Thanks to two solid years of priming the pump with a handful of EPs, stylish videos, and Tumblr-native hype, the success of The 1975 felt preordained. But, despite having self-explanatory song titles like “Sex,” “Chocolate,” “Girls,” “The City,” and “M.O.N.E.Y.,” The 1975 had an air of seeing themselves as important. Both would come to pass and in the time since, The 1975 have held a vast number of seemingly contradictory reputations in the public eye.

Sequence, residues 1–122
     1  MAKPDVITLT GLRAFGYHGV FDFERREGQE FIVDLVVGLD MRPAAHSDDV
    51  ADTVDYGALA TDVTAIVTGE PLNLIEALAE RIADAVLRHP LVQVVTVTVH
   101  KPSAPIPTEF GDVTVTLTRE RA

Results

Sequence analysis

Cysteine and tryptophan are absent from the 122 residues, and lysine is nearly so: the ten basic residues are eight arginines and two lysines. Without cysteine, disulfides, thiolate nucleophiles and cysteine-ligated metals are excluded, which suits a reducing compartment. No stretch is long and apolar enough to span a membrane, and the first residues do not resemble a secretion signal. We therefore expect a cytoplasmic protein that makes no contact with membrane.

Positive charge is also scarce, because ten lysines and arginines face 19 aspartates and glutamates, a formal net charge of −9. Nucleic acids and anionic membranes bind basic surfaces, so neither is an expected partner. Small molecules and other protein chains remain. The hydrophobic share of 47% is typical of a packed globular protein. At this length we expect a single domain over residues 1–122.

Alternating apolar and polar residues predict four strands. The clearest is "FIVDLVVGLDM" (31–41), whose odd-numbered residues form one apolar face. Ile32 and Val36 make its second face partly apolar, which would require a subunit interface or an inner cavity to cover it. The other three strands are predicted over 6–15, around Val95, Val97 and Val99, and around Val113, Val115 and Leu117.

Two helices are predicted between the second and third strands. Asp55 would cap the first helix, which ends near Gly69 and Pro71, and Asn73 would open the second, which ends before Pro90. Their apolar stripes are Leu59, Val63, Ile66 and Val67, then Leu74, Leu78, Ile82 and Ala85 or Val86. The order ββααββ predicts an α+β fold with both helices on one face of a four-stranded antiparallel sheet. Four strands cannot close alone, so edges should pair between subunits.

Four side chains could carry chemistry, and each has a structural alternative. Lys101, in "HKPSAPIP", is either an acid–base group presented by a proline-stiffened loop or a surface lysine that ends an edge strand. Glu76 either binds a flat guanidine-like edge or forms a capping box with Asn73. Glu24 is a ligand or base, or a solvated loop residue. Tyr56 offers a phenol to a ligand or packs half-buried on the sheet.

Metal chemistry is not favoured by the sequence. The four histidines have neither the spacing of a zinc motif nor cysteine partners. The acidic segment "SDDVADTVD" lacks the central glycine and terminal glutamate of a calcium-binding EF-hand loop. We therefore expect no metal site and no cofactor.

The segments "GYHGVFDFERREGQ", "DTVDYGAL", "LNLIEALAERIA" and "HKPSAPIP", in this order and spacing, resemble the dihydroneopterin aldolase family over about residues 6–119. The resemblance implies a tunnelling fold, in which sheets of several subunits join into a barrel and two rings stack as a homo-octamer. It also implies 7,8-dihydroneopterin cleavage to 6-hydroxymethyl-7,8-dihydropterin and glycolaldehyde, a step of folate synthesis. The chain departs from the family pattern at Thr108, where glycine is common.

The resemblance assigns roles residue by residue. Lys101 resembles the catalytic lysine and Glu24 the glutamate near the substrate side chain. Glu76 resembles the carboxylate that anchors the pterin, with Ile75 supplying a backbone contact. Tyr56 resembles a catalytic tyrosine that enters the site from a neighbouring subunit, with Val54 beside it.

I can assure you that some people I’ve worked with viewed The 1975 as the single worst band to come around in their lifetime – this is a bit of a paraphrase, but not an exaggeration. Though the same four guys in the band today have been playing together since 2002, they were viewed as an industry plant and (not wrongly) nepo babies, an obnoxiously handsome bunch of himbos with an obnoxious single called “Sex” that sounded like the first stirrings of the Emo Nite cottage industry. I’ve seen The 1975 described as a band purely for critics and also a band purely for teenage girls on Tumblr, long before former Tumblr obsessives became critics themselves. NME named them “Worst Band in the World” in 2014 and picked I Like It When You Sleep, For You Are So Beautiful Yet So Unaware Of It as their 2016 Album of the Year. They’ve viewed themselves in the lineage of art-pop auteurs like Scritti Politti and Kate Bush, though their most obvious impact can be found in mid-2010s boy band aesthetics. Their attempt at an all-encompassing generational and political anthem was explicitly modeled after The Blue Nile’s “The Downtown Lights” but was most often compared to “We Didn’t Start the Fire”; it ended up as Pitchfork’s No. 1 song of 2018.